DEATHS on Scotland’s roads are at their lowest level in half a century.
Greater awareness of the dangers of speeding, enforcement through the use of speed cameras, education through road safety campaigns and the introduction of safer cars, road cambers and speed bumps have all played their part.
This together with the crackdown on drink driving and the use of seat belts has made our roads safer than ever, and safer than many other countries.
However, we should not be complacent, as the latest statistics demonstrate.
Our story today reveals that road deaths in the Lothians have jumped by one third in the last eight months, with 17 lives lost in accidents, compared with 12 for the same period the year before. Hundreds were also left seriously injured.
Rural roads remain the most dangerous and an ongoing campaign across Scotland aims to tackle this.
But in our towns and cities there are also huge dangers. Last month, city accountant Ian McCance, from Marchmont Crescent, was knocked down and killed by a taxi within yards of his home as he crossed Marchmont Road near its junction with Warrender Park Road.
Among 25 people killed over the eight months in Lothian and Borders, 11 were pedestrians, while three were cyclists.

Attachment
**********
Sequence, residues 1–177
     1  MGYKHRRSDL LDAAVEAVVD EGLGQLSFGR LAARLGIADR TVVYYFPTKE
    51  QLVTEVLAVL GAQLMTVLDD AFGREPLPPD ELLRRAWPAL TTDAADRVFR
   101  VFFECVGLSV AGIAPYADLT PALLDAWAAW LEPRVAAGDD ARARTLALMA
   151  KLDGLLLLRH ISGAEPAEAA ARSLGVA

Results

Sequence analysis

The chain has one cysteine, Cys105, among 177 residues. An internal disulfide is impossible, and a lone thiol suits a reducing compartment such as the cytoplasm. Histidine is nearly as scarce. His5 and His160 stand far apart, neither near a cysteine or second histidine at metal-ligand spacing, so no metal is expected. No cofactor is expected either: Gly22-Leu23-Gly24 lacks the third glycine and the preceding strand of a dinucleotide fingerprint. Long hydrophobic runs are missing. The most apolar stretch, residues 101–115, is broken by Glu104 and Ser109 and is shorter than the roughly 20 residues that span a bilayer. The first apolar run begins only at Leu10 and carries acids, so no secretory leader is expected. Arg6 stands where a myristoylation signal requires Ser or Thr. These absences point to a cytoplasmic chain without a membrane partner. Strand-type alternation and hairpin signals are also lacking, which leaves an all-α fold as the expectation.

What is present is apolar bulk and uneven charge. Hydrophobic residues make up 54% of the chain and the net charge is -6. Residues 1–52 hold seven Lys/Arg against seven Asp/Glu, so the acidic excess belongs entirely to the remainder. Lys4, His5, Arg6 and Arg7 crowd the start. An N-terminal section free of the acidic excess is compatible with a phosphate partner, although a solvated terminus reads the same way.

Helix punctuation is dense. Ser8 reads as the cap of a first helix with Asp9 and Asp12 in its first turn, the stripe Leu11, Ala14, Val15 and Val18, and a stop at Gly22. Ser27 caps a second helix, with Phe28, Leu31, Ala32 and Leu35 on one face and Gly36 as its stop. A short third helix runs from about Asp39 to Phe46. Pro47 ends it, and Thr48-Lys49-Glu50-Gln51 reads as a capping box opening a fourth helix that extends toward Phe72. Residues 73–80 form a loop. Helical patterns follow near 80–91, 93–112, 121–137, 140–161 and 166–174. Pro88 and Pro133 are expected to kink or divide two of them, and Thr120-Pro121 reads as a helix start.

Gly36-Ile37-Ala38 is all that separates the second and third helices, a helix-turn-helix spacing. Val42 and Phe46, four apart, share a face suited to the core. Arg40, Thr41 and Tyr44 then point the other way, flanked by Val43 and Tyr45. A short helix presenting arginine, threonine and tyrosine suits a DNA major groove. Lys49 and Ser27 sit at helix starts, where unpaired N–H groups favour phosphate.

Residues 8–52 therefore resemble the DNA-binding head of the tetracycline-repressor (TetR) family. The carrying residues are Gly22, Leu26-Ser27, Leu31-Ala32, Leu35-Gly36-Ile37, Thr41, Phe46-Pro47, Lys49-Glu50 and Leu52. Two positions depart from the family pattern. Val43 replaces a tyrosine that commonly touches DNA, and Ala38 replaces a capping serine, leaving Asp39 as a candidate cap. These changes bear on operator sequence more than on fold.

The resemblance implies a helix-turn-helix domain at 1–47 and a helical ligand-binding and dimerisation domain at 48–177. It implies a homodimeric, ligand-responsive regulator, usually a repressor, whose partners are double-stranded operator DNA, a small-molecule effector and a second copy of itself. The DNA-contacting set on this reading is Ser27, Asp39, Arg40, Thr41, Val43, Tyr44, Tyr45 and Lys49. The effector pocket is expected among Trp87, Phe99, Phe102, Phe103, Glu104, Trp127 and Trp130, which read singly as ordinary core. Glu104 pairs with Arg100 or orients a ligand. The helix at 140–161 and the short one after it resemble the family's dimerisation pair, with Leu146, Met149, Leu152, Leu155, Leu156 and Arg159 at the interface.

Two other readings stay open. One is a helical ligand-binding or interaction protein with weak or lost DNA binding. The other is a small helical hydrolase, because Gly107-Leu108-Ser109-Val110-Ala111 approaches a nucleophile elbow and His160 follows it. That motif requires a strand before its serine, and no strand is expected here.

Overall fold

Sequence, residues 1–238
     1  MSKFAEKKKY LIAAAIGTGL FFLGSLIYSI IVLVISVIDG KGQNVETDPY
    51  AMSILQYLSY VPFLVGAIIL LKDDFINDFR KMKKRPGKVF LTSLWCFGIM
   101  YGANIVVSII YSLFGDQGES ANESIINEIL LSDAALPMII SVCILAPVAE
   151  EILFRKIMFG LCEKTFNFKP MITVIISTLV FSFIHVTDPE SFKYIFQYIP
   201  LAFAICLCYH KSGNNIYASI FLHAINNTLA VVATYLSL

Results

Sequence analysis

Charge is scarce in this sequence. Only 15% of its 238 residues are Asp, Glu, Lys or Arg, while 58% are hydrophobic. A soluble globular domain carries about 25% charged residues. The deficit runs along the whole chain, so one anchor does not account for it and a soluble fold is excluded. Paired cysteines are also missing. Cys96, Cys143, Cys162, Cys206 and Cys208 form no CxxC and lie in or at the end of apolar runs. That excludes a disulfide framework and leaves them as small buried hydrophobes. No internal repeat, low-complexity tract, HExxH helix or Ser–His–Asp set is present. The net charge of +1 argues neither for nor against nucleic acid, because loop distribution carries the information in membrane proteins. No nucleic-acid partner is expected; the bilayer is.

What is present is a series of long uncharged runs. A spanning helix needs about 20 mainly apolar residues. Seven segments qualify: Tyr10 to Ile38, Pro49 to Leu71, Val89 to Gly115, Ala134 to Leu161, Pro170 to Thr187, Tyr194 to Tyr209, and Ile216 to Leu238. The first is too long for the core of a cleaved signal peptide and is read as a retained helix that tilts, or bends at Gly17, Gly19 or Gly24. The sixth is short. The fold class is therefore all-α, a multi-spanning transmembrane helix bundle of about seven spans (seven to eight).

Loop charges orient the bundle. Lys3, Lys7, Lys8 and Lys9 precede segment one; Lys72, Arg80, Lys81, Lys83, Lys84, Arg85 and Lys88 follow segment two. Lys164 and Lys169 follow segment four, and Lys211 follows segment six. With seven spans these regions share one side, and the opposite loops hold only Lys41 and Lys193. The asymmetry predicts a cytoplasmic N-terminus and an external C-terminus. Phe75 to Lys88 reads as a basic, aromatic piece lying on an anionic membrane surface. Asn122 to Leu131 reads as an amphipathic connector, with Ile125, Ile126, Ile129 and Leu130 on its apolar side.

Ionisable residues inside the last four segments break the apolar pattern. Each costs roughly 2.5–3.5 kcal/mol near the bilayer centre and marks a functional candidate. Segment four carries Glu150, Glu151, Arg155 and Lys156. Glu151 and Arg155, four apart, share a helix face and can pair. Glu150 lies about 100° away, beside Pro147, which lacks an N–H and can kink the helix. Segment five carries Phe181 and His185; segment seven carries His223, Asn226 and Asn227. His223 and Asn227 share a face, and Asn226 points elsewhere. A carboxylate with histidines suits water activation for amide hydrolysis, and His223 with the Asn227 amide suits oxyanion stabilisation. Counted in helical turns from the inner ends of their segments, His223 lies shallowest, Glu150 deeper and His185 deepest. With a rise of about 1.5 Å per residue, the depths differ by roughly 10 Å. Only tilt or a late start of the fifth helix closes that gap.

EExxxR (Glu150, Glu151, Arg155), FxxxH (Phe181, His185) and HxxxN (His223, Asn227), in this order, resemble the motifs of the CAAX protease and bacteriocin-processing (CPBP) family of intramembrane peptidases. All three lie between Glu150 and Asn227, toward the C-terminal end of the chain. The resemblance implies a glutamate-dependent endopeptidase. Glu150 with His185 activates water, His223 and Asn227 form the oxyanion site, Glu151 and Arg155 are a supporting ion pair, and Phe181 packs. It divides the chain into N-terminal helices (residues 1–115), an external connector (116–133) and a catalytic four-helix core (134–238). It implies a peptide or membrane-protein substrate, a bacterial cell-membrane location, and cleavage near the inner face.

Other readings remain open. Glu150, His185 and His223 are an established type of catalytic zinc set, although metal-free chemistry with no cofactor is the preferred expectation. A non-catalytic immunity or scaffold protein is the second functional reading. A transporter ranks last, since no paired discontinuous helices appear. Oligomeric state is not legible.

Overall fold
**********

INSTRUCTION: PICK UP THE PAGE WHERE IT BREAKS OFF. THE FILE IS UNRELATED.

Campaigners understand that cycling deaths are likely to go up as more people take to two wheels. Meanwhile, the addition of the trams on our streets from 2014 will add a fresh hazard for all road users.
One of the most successful strategies has to be target accident hotspots by introducing greater safety measures such as warning signs, speed-activated electronic alerts and anti-skid surfacing.
Continued vigilance by all road users will ensure deaths once again fall in 2013, because even one is too many.
Height of ambition
With money as tight as ever, charity fundraisers have a mountain to climb these days.
So well done to the Edinburgh University team who are taking on the challenge of scaling Everest to raise money for the Mental Health Foundation (Scotland). Not literally, obviously, but by completing the same distance up and down the stairs of their workplace.
The 24-hour challenge is no walk in the park so let’s hope they get as much support as possible for a very worthy cause.
We imagine there will be quite a queue for the lift the next day.